Not Your Average Self-Care for Dance Professionals: Part 2

Posted by Amanda Trusty On 3rd Oct 2017 In Amanda Trusty

Dance teachers are some of the most compassionate and patient individuals on this planet. It is my great honor to remind you that you are doing the BEST. THAT. YOU. CAN.

Quite honestly, this week’s post for our Self-Care Series for Dance Professionals was going to be about handling the effects of social media on an artist, teacher, and business owner. 

Then a 64-year-old accountant opened fire on Las Vegas and I was driven to address something that requires a discussion more immediately.

As an artist, and a teacher of the arts, how do we handle these situations? Mass shootings, mental health, politics - uncomfortable topics for all of us. Painful. Devastating. Frustrating. Infuriating. How do we handle?

First, we must process them personally and take action how we see fit, whether that be calling legislators or donating to families affected by these tragedies.

But what about the rest of our professional lives? The day to day activity of teaching, choreography, parental interaction, networking?

If staying silent makes you feel like you are going to spontaneously combust, or you are harboring feelings of resentment and anger build toward those around you with different viewpoints or educations, I feel you. I am you.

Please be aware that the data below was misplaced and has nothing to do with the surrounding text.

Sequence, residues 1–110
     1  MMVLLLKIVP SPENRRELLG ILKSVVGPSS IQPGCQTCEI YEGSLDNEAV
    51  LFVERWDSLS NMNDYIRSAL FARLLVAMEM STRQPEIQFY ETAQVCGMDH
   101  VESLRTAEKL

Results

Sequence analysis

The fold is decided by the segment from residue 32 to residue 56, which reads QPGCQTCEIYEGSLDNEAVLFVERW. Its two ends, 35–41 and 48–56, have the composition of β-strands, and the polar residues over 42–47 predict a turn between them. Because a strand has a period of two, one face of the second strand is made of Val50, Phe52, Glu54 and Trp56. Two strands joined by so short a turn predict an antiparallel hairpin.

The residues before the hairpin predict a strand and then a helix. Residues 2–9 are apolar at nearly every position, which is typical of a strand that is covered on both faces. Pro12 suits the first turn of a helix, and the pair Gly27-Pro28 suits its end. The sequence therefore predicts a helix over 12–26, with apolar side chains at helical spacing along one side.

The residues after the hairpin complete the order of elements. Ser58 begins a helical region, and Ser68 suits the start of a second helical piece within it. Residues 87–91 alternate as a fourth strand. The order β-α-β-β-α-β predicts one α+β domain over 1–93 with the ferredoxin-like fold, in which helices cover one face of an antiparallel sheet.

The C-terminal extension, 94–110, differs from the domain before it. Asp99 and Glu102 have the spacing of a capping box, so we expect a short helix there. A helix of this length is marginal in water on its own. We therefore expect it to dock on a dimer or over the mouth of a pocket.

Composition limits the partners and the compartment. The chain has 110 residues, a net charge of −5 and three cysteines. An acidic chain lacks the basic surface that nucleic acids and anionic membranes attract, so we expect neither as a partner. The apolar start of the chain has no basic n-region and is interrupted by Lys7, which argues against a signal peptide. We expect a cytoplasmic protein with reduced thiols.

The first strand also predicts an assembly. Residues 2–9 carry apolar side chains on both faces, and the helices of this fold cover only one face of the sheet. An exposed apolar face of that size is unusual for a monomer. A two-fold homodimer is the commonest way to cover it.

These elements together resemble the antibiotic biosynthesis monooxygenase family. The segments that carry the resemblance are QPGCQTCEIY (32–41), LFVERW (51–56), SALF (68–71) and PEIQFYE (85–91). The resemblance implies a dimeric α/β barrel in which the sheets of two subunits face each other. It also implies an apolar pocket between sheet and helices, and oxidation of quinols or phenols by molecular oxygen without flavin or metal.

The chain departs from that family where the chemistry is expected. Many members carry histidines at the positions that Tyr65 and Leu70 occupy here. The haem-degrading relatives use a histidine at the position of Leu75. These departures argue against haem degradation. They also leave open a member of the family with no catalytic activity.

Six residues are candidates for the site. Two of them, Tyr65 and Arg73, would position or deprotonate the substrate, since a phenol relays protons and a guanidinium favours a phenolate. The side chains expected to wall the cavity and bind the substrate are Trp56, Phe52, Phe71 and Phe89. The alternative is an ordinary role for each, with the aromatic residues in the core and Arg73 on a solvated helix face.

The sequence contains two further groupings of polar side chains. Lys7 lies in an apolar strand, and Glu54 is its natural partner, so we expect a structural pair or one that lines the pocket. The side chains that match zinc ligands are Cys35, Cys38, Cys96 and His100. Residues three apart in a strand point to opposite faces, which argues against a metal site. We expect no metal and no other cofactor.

Because of these feelings, stirred up almost daily right now, we all need to hone in on our self-care regimen. Our students, our families, our communities - they are depending on us now more than ever. Handling national tragedies, or just the day to day heartbreak in the news, affects everything that we do in some way. There’s no getting around it.

Acknowledging this, is self-care.

I feel that addressing current events falls under the self-care category because I know that when I feel like I’ve done nothing, or that I must be silent because I work with children, it eats at me and it stresses me out. Taking action in a professional way that paves the way for discussion and awareness is something that makes me feel I am being authentic to myself, which in turn, helps me improve my self-care regimen.

Acknowledging that you need to be authentic to yourself and your beliefs, is self-care.

I am here to tell you that it is very possible to be sensitive to the development of our young students while also incorporating lessons of tolerance and diversity into our teaching.

I have offered suggestions below to appropriately address current events in our field of work, specifically focusing on mental health - considering our most recent events. I am not perfect. I am processing everything in real time just like you are. But it’s a start. And I can tell you that it’s working for me.

My personal opinion is that we as dance teachers have great responsibility to teach diversity, tolerance, and acceptance. That is my personal opinion. It is why I am an artist and it is why I am a teacher.

As dance educators, we are expected to be strong, diplomatic, and considerate when children have questions about current events. We are expected to be unbiased but handle the situation with grace. We are expected to leave our opinions at the door while also supporting children in the classroom with parents whose opinions are very different than ours, which may affect the way a child interacts with others. And then we’re supposed to teach dance amidst all of it.